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Remembering 49 US airmen killed in 1944 Greenham Common air disasters





Crowds braved the chilly weather at Greenham Common Control Tower last Monday (December 12) to honour fallen US airmen at the former airbase.

In 1944, two aircraft accidents occurred, resulting in the deaths of 49 US airmen. On December 12, 1944, 31 American paratroopers of the 194th Glider Infantry Regiment and two pilots of the 88th Troop Carrier Squadron were killed during a training exercise when their British-made Horsa Glider crashed shortly after take-off.

And just three days later, two B-17 Flying Fortress Bombers from the 368th and 423rd squadrons of the 306th Bombing Group, nicknamed the 'Reich Wreckers', collided over the Common — killing 16 US airmen — after being diverted due to heavy fog on their return from Germany.

Honour guard stand in memory of the 49 American airmen killed in two aircraft accidents in 1944
Honour guard stand in memory of the 49 American airmen killed in two aircraft accidents in 1944

This year's commemoration for both accidents was led by Rev Keri Eynon, with an opening reading of the airbase's wartime history by Newbury resident Allan Mercado.

The congregation also sung both the American and British national anthems.

Attending the service were representatives from RAF Welford, the Parachute Regimental Association and the Royal British Legion, among others. Control Tower volunteers kindly supplied much-needed hot drinks and refreshments in the café after the service.

Newbury Mayor Gary Norman, left, and Thatcham Mayor Jeff Brooks, right, attending the commemoration
Newbury Mayor Gary Norman, left, and Thatcham Mayor Jeff Brooks, right, attending the commemoration
Former Newbury Weekly News photographer, Allan Mercado, gives a brief history of the tragic accidents
Former Newbury Weekly News photographer, Allan Mercado, gives a brief history of the tragic accidents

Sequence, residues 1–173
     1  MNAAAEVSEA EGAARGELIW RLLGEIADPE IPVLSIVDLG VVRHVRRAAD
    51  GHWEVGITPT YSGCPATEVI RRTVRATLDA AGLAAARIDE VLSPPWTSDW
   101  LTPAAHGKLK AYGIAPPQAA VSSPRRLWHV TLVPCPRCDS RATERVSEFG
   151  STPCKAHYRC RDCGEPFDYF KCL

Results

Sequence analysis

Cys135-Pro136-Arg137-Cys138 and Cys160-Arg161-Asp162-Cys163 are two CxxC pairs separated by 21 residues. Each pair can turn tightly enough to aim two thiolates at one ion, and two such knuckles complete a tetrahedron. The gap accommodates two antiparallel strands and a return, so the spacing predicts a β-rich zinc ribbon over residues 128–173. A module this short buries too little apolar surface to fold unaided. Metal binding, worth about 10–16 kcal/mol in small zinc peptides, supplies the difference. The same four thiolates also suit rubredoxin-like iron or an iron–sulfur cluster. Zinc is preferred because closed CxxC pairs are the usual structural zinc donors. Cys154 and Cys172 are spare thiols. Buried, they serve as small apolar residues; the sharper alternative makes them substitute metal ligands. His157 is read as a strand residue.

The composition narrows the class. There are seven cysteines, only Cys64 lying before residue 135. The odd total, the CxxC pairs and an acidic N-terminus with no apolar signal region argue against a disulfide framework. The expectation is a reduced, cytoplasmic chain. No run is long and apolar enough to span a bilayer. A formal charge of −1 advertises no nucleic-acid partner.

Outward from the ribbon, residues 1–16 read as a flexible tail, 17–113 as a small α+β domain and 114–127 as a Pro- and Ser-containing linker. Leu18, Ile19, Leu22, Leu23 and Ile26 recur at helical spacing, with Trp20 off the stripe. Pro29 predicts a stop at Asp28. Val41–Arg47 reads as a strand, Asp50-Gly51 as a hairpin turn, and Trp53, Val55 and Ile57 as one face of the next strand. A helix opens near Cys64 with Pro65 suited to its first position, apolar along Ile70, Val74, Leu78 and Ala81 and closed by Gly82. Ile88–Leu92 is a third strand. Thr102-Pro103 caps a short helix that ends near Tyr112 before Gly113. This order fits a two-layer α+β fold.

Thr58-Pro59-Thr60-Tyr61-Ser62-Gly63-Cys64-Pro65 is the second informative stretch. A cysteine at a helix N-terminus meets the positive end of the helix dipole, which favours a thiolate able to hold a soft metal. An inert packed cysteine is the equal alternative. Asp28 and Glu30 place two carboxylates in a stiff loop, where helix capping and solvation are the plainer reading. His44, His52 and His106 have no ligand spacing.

All US personnel left the airbase following its closure in 1992 and the land was put up for sale. This year marks 30 years since the closure. On the 50th anniversary of the glider crash, the Newbury branch of the Royal British Legion worked with the former airbase's land agents at the request of the 17th Airborne Division Association to build a memorial for the 33 US servicemen killed.

RBL Newbury branch secretary, Keith Williams, explained the history of how the memorial service started. "I was contacted by someone in the States about the original memorial in 1993. I was lucky enough to be in a position to do the leg work, because the Common was in transition at the time and Vail Williams, the land agents, were looking after it.

"They said 'if you want to put a memorial there, do it', which we did. That was in 1994, and there's been a service every year since. There might have only been three or four of us there sometimes, but we've been there every year.

Salutes for the 49 American airmen killed in two aircraft accidents in 1944
Salutes for the 49 American airmen killed in two aircraft accidents in 1944

"The original memorial was on the other side of the airfield by the old chapel. We sometimes had two or three coach loads of Americans arrive for the original services. But in 2010, it got too busy with traffic there as it was near a road junction, so we had to move it.

"We had the new ones constructed, which the Greenham Common Trust very kindly paid in excess of £40,000 for, and put them again on the industrial area."

HRH Princess Anne unveiled the memorials for both accidents in 2012. But they were still too hidden.

Mr Williams added: "Our then president, Janine Westropp, said 'that'll be a good project for me to get some money for' because the Royal British Legion aren't allowed to spend their own money on memorials.

"So, she collected £20,000 to move them to the Control Tower in 2019 and it didn't take the whole amount, so we asked Greenham Parish Council if they'd take the remaining amount to maintain them, which they did. That's the story of it so far. It's something we hope will last."

Newbury Mayor Gary Norman, left, and Thatcham Mayor Jeff Brooks, right, and laying wreaths
Newbury Mayor Gary Norman, left, and Thatcham Mayor Jeff Brooks, right, and laying wreaths
Honour guard stand in memory of the 49 American airmen killed in two aircraft accidents in 1944
Honour guard stand in memory of the 49 American airmen killed in two aircraft accidents in 1944

Roads and buildings at Greenham Business Park also commemorate the fallen airmen, including Jones Drive, named after glider crash casualty, private Evan Jones, in 2006.

USAAF assumed control of the Greenham Common airbase in October 1943. On June 5, 1944, General Dwight D. Eisenhower famously addressed paratroopers bound for Normandy here with his 'eyes of the world are upon you' speech.



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